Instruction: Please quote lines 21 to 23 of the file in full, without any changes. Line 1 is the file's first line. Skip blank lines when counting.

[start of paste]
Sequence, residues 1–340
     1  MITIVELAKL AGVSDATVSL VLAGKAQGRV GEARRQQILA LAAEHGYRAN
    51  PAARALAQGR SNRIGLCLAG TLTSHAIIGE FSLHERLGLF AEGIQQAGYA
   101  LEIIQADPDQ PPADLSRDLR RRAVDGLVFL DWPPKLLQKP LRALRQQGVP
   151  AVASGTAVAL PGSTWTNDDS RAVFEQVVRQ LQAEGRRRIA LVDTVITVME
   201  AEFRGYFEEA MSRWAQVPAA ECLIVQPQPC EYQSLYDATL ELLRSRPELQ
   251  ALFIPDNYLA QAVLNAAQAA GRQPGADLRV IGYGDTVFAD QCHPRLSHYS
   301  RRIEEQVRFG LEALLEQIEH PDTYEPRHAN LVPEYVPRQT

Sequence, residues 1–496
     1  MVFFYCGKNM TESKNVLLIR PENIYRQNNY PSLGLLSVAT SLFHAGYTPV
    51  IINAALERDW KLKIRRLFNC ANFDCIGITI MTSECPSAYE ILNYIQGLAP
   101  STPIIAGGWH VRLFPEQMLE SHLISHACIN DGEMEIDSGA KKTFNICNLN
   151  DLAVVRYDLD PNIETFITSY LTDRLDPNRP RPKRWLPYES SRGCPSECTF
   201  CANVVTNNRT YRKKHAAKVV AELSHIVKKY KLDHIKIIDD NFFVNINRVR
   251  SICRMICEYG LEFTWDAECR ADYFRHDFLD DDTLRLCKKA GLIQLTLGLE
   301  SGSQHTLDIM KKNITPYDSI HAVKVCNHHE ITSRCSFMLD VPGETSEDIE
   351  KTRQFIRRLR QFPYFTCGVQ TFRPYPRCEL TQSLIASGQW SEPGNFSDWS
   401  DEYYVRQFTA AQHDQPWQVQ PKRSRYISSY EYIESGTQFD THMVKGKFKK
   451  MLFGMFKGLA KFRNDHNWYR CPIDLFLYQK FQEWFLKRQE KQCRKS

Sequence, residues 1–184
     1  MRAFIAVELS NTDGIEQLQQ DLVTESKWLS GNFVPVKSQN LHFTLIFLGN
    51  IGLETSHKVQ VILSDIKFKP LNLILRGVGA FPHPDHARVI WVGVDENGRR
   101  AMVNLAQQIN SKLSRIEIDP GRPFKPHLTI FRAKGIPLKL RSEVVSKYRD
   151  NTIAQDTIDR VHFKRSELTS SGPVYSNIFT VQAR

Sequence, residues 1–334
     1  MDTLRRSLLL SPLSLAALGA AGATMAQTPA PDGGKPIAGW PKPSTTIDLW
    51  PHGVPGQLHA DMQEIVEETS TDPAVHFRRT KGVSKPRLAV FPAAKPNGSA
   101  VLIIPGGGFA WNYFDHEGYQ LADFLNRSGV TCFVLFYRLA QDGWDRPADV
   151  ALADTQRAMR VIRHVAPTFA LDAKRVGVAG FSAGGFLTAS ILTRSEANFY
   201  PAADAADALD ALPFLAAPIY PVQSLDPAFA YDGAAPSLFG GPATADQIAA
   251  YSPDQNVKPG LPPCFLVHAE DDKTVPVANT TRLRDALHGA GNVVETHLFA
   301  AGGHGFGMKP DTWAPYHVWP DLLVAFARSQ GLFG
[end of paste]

     1  MRAFIAVELS NTDGIEQLQQ DLVTESKWLS GNFVPVKSQN LHFTLIFLGN
    51  IGLETSHKVQ VILSDIKFKP LNLILRGVGA FPHPDHARVI WVGVDENGRR
   101  AMVNLAQQIN SKLSRIEIDP GRPFKPHLTI FRAKGIPLKL RSEVVSKYRD